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Analysts say violence will continue to increase

[Iraq] Tight security during election day. [Date picture taken: 10/15/2005]
Some Baghdad residents feel safer with private security guards than with official security organs. (Afif Sarhan/IRIN)

Violence and the use of torture has increased exponentially in Iraq since the United States-led occupation of the country began in 2003, according to local analysts.

“Violence in Iraq has destroyed the integrity and structure of the country. Development and reconstruction has been delayed and, in addition, the human rights situation, which was the reason for the US invasion in Iraq, has worsened when compared to [former President] Saddam Hussein’s regime,” said Barak Ibrahim, a political analyst and professor at Mustansiryiah University.

Ibrahim and other specialists at the university say that violence in Iraq will continue despite different reconciliation plans being proposed because insurgency and militia actions are a response to the US-led occupation.

“If we go deep into the cause that prompted such violence we will find in the end that the presence, especially, of US-troops in the country has generated revolt and loss of patience by fighters and only when they [the occupation forces] leave the country can we start to speak about improvement in security issues,” Ibrahim said.

The analysts made their remarks following the release on Wednesday of the UN Assistance Mission for Iraq (UNAMI) report which stated that human rights violations were rapidly escalating in Iraq and that the death toll was worryingly high.

“Human rights violations, particularly against the right to life and personal integrity, continued to occur at an alarming daily rate in Iraq,” said the UNAMI report.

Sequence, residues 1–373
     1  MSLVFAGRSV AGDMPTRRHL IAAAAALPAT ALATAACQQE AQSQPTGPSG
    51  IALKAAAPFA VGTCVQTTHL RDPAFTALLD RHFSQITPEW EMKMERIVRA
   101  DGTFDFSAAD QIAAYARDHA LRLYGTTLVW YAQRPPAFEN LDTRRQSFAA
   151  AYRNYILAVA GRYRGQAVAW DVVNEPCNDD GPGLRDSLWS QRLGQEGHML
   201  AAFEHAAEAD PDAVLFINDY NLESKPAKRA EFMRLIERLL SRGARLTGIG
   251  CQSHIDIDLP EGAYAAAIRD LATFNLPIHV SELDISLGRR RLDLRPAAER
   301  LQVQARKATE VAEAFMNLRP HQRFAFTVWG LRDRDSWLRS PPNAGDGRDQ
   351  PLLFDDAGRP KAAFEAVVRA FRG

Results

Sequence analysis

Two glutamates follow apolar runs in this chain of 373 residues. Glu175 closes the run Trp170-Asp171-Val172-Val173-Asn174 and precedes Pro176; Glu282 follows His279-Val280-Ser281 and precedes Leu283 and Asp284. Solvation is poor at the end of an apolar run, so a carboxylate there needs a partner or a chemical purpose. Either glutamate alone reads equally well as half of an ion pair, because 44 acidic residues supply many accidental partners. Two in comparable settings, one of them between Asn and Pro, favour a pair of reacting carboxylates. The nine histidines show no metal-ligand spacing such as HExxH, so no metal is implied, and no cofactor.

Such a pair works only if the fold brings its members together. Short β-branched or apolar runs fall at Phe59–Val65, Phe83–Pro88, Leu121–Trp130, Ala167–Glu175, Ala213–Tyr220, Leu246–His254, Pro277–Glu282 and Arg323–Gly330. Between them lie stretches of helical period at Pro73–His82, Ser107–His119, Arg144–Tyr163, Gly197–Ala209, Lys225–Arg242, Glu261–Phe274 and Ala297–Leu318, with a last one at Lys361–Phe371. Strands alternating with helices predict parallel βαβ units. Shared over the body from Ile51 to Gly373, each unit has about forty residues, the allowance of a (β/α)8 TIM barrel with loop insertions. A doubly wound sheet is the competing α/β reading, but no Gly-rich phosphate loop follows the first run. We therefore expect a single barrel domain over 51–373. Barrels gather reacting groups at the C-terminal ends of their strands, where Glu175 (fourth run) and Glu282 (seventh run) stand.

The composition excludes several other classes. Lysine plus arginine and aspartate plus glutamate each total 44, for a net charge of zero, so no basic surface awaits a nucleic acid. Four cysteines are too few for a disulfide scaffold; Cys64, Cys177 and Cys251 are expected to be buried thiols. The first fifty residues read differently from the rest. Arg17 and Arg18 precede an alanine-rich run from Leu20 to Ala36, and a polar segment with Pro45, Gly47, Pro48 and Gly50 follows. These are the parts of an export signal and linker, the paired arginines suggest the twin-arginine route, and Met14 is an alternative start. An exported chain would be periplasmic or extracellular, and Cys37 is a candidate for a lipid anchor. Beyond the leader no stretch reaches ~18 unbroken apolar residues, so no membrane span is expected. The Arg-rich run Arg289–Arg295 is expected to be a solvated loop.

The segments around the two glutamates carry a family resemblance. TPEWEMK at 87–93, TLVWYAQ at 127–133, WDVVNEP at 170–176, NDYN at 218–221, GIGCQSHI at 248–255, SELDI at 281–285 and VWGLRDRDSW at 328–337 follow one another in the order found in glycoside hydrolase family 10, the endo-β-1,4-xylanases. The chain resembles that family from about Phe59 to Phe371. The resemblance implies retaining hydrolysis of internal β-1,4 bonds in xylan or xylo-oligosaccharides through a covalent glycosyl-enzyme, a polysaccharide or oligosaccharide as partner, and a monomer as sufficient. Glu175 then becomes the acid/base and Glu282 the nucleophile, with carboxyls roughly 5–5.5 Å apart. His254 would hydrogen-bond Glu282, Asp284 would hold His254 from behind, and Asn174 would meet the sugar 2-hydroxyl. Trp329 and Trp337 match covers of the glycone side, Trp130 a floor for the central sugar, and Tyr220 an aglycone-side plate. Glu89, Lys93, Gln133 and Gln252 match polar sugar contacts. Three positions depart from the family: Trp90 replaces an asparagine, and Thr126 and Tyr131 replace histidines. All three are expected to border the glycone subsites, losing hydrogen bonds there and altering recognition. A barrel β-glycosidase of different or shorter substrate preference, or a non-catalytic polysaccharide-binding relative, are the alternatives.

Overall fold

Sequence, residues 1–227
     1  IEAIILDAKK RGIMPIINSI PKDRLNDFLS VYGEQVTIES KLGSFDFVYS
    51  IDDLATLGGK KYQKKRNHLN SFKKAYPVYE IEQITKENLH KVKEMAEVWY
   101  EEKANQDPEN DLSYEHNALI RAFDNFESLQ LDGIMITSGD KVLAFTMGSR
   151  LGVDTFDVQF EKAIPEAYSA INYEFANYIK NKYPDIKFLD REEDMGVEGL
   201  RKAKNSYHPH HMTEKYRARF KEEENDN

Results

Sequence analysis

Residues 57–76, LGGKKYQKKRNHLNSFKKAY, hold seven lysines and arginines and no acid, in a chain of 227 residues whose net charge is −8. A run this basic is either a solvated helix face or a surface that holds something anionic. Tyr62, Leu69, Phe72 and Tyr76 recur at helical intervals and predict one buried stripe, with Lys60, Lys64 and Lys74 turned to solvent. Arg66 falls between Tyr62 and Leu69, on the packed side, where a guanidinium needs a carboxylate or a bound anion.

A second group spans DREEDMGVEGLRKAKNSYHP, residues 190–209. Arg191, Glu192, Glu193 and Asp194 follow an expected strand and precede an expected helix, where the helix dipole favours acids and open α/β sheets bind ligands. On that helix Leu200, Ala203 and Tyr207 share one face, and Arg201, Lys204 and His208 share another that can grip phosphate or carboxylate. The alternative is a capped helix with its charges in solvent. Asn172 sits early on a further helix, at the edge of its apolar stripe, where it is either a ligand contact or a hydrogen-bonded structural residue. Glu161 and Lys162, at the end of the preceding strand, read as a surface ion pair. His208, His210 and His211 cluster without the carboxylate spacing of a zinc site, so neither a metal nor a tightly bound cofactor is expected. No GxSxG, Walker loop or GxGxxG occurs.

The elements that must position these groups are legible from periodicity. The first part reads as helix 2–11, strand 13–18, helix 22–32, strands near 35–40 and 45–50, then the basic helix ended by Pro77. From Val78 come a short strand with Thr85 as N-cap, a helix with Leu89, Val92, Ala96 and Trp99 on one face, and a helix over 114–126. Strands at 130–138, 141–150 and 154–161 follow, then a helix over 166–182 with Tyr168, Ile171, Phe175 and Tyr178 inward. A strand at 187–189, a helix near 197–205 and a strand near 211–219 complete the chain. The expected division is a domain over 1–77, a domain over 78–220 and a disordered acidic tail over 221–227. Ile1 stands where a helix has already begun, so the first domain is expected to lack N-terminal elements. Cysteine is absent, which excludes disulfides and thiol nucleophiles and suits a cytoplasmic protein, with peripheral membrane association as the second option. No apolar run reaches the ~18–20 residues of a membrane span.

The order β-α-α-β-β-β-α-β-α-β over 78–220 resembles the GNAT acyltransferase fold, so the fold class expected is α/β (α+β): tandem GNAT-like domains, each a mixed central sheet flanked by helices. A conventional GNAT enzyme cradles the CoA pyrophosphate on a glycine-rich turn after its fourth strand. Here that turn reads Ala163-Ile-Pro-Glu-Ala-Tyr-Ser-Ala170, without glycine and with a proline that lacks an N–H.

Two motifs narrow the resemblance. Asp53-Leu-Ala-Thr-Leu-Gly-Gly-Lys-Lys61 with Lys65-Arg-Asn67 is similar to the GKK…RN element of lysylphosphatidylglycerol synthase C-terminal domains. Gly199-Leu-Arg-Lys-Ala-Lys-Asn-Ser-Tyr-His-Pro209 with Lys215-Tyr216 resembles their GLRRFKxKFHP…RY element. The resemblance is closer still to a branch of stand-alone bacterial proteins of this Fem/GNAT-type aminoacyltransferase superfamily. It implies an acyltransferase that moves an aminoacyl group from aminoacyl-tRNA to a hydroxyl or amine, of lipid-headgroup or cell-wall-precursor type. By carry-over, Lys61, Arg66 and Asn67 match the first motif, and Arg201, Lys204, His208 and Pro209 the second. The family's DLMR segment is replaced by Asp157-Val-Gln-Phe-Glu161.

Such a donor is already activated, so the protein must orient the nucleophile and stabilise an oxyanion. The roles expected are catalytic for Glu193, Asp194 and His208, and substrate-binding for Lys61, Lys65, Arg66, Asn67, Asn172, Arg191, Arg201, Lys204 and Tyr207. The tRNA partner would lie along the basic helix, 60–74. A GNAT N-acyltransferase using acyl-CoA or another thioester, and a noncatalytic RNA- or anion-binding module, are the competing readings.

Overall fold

The US continues to assert that the removal of Saddam Hussein’s government was necessary as it posed a threat. “Saddam's regime posed a risk that the world could not afford to take. The world is safer because Saddam Hussein is no longer in power,” said US president George Bush in a speech on 11 September.

Bodies were severely tortured

According to the report, bodies sent to the capital’s morgue habitually bore signs of severe torture, including acid-induced injuries, burns caused by chemical substances, missing skin, broken bones, backs, hands and legs, missing eyes and teeth and wounds caused by power drills or nails.

The Iraqi authorities confirmed that most of the bodies that were found in the past six months bore signs of serious torture.

“Unfortunately, the information released by UNAMI in its report is true and reflects the reality of Iraq today. Most of the bodies found were tortured and were sometimes even impossible to recognise,” said Dr Fa'aq Amin, director of the Institute for Forensic Medicine at the Ministry of Health.

UNAMI’s report said that 3,590 civilians were killed in July and 3,009 in August. The Iraqi Health Ministry said that of those murdered in July, some 1,855 were killed because of sectarian or political violence, and another 1,583 died as a result of bombings and shootings.

Baghdad’s morgue reported nearly 1,800 killings in July and 2,000 in August in the capital alone.

“It is possible that the numbers could be higher than those reported at our morgue because not all killings in the country are registered with us,” Amin added.